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F/A-22 Avionics and Aerostructure Fixes

  • Thursday, 3rd October 2002
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The US Air Force’s F/A-22 supercruise strike fighter program manager has outlined a plan of improvements to prepare for operational testing next summer and a close sharing of technologies with the F-35 Joint Strike Fighter (JSF) project.

Lockheed Martin [LMT] is developing the F/A-22 with Boeing [BA] and Northrop Grumman [NOC]. Lockheed Martin is also building JSF.

“”There are several major challenges that we need to conquer and one is the clearance of the flight envelope…The other big issue is our avionics stability,”” Air Force Brig. Gen. Jay Jabour on Tuesday told reporters at the Air Force Association’s annual meeting in Washington, D.C. “”The avionics systems are actually working quite well individually, but when we bring them together we occasionally have problems where the avionics shut down in flight.””

Jabour and Lockheed Martin F/A-22 general manager Robert Rearden both claimed the program was on track for operational testing in summer 2003, with fixes in place for the tail structures–which have shown unacceptable levels of aerodynamic buffeting in certain flight profiles–and for the avionics suite.

“”We want to make sure that the pilots have rock-solid capability, so that they don’t have ‘instability events’ that detract from the ability of the avionics to accomplish the mission,”” Rearden said of the latter challenge. “”We are on a roadmap to get there and I am confident that we have put in place both the plan and the resources to make sure…[the avionics] are rock solid.””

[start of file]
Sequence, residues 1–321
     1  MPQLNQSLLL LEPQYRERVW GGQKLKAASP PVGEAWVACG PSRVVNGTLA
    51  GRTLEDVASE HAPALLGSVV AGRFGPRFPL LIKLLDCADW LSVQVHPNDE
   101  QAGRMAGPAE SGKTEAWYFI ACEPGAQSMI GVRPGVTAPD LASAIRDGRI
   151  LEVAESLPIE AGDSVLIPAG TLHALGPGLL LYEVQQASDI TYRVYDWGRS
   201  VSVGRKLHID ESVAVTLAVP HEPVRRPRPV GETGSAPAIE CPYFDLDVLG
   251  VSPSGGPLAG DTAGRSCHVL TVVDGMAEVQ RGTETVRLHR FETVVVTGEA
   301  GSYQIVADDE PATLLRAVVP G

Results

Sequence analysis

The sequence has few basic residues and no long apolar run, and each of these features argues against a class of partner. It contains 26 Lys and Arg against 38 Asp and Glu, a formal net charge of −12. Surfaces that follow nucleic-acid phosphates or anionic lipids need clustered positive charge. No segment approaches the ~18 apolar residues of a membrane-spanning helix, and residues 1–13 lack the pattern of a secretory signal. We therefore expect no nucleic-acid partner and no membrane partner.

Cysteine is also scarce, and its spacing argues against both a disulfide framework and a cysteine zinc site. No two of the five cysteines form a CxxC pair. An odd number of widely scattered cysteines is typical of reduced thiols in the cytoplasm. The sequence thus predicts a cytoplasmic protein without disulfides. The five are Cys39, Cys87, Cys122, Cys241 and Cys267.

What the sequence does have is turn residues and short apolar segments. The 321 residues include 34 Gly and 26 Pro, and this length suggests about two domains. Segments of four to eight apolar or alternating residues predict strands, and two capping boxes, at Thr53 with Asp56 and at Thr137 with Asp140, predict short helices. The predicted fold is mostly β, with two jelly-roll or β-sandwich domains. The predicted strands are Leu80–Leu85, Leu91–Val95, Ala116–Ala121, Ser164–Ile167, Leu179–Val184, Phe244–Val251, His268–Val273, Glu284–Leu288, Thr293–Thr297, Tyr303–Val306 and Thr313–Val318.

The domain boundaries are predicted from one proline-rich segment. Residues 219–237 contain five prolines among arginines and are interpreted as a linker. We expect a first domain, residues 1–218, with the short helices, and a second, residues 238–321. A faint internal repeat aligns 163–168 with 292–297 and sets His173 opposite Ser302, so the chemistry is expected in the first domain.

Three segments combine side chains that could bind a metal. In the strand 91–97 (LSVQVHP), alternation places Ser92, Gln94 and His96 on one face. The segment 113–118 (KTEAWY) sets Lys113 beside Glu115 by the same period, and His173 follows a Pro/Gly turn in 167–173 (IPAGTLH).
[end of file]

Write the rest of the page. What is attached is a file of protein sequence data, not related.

Jabour elaborated on the one remaining flight envelope issue to be cleared: fin buffeting encountered by the F/A-22’s twin tail structures when the aircraft assumes high angle of attack in flight.

“”All twin-tail aircraft at elevated angles of attack get vortex flow on the tails and it increases the loads on the tail,”” he said. “”We have been testing in that area over the last few days…We have identified the design fixes that we think will solve those problems. One area is at the bottom of the fin where we will put a modified rudder actuator, called a blow-by actuator. That development is going quite well and we think that will solve the low frequency problems. For the high frequency problems at the top of the tail we have design fixes that are really quite simple. Basically it means changing the material from a composite to titanium. We think we are finally going to close on that issue within a couple months.””


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